1. Well, I took the test. Damned right it is wrong! Life has too many opportunities to be able to base one’s “class” on the questions asked. Too many variables. Without a doubt I am working class. We are not of great means but still have a taste for culture. We don’t live an extravagant lifestyle although we probably could treat ourselves a bit more than we do.

    I believe we think alike and I admire your ability to express these thoughts. One of the best ways to be human is to care about others and do what you are able to spread a little more good in the world. It may be through funds or actions. What matters is that we help others to see their lives expand in a positive way. For some it is more or better food, others need more art in their lives or a vision of possibilities, encouragement and direction.

    Unfortunately, more and more the population in developed countries see validation as wealth and this “test” feeds that sense of need for a climb up the ladder rather than satisfaction with ourselves and the fulfillment that helping others brings. Giving a label offers nothing. Class is meaningless to a healthy mind.

  2. You are in the elite I would guess. I came the level below you primarily because I earn less than 25k a year. I think the whole thing is a load of bull

  3. I awoke early and decided to stay up. Actually my son’s Border collie barked to be let out for her morning bathroom foray in the fenced back yard. I am always happy when I see that you have posted and I look forward to whatever you have done or not. In this case, today, this is a topic of great interest to me. Social status is one of the most interesting topics to discuss and to see what an impact it has on the poor and the wealthy. I could write a lot of what I think and of what I have observed. l’ll touch on it a bit here. This is well written and so interesting.

    Snobbery has no place for me and I hate how many individuals view themselves. I grew up poor but I was never without. My parents bought and paid for a small farm and were able to send my sister to a small college but she worked for her board. I went to nursing school and have about 1 1/2 years of college credits gained through the nursing program re: we took some classes at the local university. I never wanted to go back to college to get a “degree in nursing. I simply hated school if the studies involved anything that was not in the realm of my interest.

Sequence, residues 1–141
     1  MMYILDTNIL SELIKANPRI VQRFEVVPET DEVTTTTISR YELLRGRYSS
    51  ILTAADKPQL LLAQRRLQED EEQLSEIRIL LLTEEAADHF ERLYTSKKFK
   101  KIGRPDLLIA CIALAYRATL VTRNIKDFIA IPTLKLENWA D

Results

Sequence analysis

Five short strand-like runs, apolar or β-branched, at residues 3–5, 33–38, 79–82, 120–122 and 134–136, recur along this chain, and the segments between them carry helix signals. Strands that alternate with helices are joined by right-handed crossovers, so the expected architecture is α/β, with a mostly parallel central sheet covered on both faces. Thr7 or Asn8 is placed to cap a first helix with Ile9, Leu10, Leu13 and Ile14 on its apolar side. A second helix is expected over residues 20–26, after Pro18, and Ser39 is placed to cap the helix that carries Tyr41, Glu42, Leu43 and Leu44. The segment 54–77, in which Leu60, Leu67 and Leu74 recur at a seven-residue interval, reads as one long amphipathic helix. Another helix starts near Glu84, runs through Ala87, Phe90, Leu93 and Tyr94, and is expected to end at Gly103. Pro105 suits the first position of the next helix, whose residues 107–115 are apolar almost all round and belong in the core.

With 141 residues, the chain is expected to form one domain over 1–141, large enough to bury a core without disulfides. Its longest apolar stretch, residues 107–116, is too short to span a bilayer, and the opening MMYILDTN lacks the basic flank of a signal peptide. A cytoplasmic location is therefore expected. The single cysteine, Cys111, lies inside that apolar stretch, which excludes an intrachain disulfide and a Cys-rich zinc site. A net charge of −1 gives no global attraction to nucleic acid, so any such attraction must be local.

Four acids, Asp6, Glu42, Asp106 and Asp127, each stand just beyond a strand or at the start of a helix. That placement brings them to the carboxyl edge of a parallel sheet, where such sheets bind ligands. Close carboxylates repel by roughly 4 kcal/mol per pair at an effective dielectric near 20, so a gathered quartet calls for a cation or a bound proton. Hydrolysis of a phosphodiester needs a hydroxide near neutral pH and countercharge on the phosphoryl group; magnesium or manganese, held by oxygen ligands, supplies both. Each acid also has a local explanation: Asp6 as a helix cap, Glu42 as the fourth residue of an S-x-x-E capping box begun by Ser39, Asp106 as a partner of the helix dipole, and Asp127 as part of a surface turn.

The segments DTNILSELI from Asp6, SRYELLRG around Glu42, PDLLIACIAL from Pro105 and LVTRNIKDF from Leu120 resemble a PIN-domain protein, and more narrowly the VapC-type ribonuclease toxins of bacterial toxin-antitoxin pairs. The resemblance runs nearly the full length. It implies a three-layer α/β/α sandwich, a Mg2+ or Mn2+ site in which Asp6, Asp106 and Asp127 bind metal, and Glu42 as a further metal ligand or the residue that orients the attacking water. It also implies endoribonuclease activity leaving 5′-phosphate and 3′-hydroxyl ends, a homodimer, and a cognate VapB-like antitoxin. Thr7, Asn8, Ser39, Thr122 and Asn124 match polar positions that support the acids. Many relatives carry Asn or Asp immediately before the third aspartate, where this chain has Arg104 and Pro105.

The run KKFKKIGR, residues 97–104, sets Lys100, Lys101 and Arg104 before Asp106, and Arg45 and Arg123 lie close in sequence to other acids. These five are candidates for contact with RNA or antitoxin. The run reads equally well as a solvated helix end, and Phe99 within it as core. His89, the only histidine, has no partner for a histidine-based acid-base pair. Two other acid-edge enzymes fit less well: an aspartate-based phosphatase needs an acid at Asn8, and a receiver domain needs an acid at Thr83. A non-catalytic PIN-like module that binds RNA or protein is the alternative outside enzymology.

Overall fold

Given that, I helped one nurse with her papers as she worked toward her master’s degree. I never understood why she singled me out. I critiqued her papers and helped her redo paragraphs, sentences, flow of thought, grammar, wording, etc. I think I wrote better at that time than I write now. She always made an “A” on her papers.

    Anyhow I view myself as lower middle class because I don’t have a degree (I was a registered nurse when I was working but if one does not keep up registration after retirement then one is no longer a registered nurse). I live simply and have put a great deal of money into the animals that I rescued. I could be living in a finer home and drive a new SUV had I saved more money, etc But those things do not mean a wit to me. I am surrounded by affluence and it is disgusting. Everybody is out to please themselves with the best and be damned with the poor or our local animal shelter. (I’ll write about that someday) But I digress here.

    I’ll take your test and I’ll be at the bottom, rung. Does it matter? No. Actually I may be a snob as far the the wealthy are concerned for I do feel that I am a better person than the rich, 🙂 At least in many ways. That is an awful way to think but I agree along the lines of Steve. Little acts or large acts of kindness and compassion toward humans and animals means more to me than any status or wealth. Many factors add up to what sort of person one is in life. One can be poor, middle, class, are wealthy. Living as a kind and gentle person is what counts in my book.

  4. Yvonne, thanks for your thoughtful response. I agree that it is the way that we live that categorises us rather than any box we may be put in by others. Sadly many people do tend to judge by appearances even though we know that is wrong. I started the post with the intention of simply posting the link and no thought of expecting people to take it seriously. However as I wrote I reflected on my own background and the nonsense that the test churns out. I don’t think Hong Kong has what it would call a class system despite its colonial oversight from and by Britain for 150 years. Yet it discriminates in other ways that are just as iniquitous. I suspect you have contributed more than most to the well-being of society, in which I include our animal friends. Affluence is not wrong. it is the unequal distribution of wealth and abuse of affluence that is the problem.